(2) This subdivision shall not be construed to invalidate any collective bargaining agreement that requires an applicant for a position that is subject to the collective bargaining agreement to sign a contract that protects either or both of the following as specified in subparagraphs (A) and (B), nor shall this subdivision be construed to invalidate any employer requirement of an applicant for a position that is not subject to a collective bargaining agreement to sign an employment contract that protects either or both of the following:
(A) An employer against any conduct that is actually in direct conflict with the essential enterprise-related interests of the employer and where breach of that contract would actually constitute a material and substantial disruption of the employer’s operation.
(B) A firefighter against any disease that is presumed to arise in the course and scope of employment, by limiting his or her consumption of tobacco products on and off the job.
(d) The provisions of this section creating new actions or remedies that are effective on January 1, 2002, to employees or applicants for employment do not apply to any state or local law enforcement agency, any religious association or corporation specified in subdivision (d) of Section 12926 of the Government Code, except as provided in Section 12926.2 of the Government Code, or any person described in Section 1070 of the Evidence Code.

SEC. 2.

 Section 1019 of the Labor Code is amended to read:

1019.
 (a) It shall be unlawful for an employer or any other person or entity to engage in, or to direct another person or entity to engage in, unfair immigration-related practices against any person for the purpose of, or with the intent of, retaliating against any person for exercising any right protected under this code or by any local ordinance applicable to employees. Exercising a right protected by this code or local ordinance includes the following:
(1) Filing a complaint or informing any person of an employer’s or other party’s alleged violation of this code or local ordinance, so long as the complaint or disclosure is made in good faith.
(2) Seeking information regarding whether an employer or other party is in compliance with this code or local ordinance.
(3) Informing a person of his or her potential rights and remedies under this code or local ordinance, and assisting him or her in asserting those rights.
(b) (1) As used in this chapter, “unfair immigration-related practice” means any of the following practices, when undertaken for the retaliatory purposes prohibited by subdivision (a):
(A) Requesting more or different documents than are required under Section 1324a(b) of Title 8 of the United States Code, or a refusal to honor documents tendered pursuant to that section that on their face reasonably appear to be genuine.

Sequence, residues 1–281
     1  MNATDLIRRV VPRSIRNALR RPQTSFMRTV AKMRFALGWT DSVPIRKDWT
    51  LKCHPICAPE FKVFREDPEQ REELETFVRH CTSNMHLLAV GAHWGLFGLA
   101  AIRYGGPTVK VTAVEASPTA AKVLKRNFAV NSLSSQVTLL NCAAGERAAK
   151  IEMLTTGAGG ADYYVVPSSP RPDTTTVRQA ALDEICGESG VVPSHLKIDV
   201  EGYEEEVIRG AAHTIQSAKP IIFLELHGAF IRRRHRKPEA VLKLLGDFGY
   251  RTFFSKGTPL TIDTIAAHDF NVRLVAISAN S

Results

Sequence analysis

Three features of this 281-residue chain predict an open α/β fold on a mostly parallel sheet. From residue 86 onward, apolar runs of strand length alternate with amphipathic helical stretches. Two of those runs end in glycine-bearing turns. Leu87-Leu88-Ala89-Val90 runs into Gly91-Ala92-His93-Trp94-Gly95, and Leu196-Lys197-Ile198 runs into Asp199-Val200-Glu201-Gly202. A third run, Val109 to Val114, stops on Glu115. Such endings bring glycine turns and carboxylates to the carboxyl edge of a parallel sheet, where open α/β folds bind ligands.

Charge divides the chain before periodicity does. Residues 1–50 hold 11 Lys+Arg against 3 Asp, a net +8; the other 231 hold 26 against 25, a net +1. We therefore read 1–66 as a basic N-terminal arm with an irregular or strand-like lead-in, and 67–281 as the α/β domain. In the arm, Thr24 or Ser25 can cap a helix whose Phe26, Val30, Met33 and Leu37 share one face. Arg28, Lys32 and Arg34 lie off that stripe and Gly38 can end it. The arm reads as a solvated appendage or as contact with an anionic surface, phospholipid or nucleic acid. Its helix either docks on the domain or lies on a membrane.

(B) Using the federal E-Verify system to check the employment authorization status of a person at a time or in a manner not required under Section 1324a(b) of Title 8 of the United States Code, or not authorized under any memorandum of understanding governing the use of the federal E-Verify system.
(C) Threatening to file or the filing of a false police report, or a false report or complaint with any state or federal agency.
(D) Threatening to contact or contacting immigration authorities.
(2) “Unfair immigration-related practice” does not include conduct undertaken at the express and specific direction or request of the federal government.
(c) Engaging in an unfair immigration-related practice against a person within 90 days of the person’s exercise of rights protected under this code or local ordinance applicable to employees shall raise a rebuttable presumption of having done so in retaliation for the exercise of those rights.
(d) (1) An employee or other person who is the subject of an unfair immigration-related practice prohibited by this section, or a representative of that employee or person, may bring a civil action for equitable relief and any applicable damages or penalties.
(2) Upon a finding by a court of applicable jurisdiction of a violation this section, upon application by a party or on its own motion, a court may do the following:
(A) For a first violation, order the appropriate government agencies to suspend all licenses that are held by the violating party for a period of up to 14 days. On receipt of the court’s order and notwithstanding any other law, the appropriate agencies shall suspend the licenses according to the court’s order.
(B) For a second violation, order the appropriate government agencies to suspend all licenses that are held by the violating party for a period of up to 30 days. On receipt of the court’s order and notwithstanding any other law, the appropriate agencies shall immediately suspend the licenses.
(C) For a third or subsequent violation, order the appropriate government agencies to suspend for a period of up to 90 days all licenses that are held by the violating party. On receipt of the court’s order and notwithstanding any other law, the appropriate agencies shall immediately suspend the licenses.
(3) In determining whether a suspension of all licenses is appropriate under this subdivision, the court shall consider whether the employer knowingly committed an unfair immigration-related practice, the good faith efforts of the employer to resolve any alleged unfair immigration-related practice after receiving notice of the violations, as well as the harm other employees of the employer, or employees of other employers on a multiemployer job site, will suffer as a result of the suspension of all licenses.
(4) An employee or other person who is the subject of an unfair immigration-related practice prohibited by this section, and who prevails in an action authorized by this section, shall recover his or her reasonable attorney’s fees and costs, including any expert witness costs.
(e) As used in this chapter:
(1) “License” means any agency permit, certificate, approval, registration, or charter that is required by law and that is issued by any agency for the purposes of operating a business in this state and that is specific to the business location or locations where the unfair immigration-related practice occurred. “License” does not include a professional license.
(2) “Violation” means each incident when an unfair immigration-related practice was committed, without reference to the number of employees involved in the incident.

SEC. 3.

 Section 1024.6 of the Labor Code is amended to read:

1024.6.
 An employer may not discharge an employee or in any manner discriminate, retaliate, or take any adverse action against an employee because the employee updates or attempts to update his or her personal information based on a lawful change of name, social security number, or federal employment authorization document. An employer’s compliance with this section shall not serve as the basis for a claim of discrimination, including any disparate treatment claim.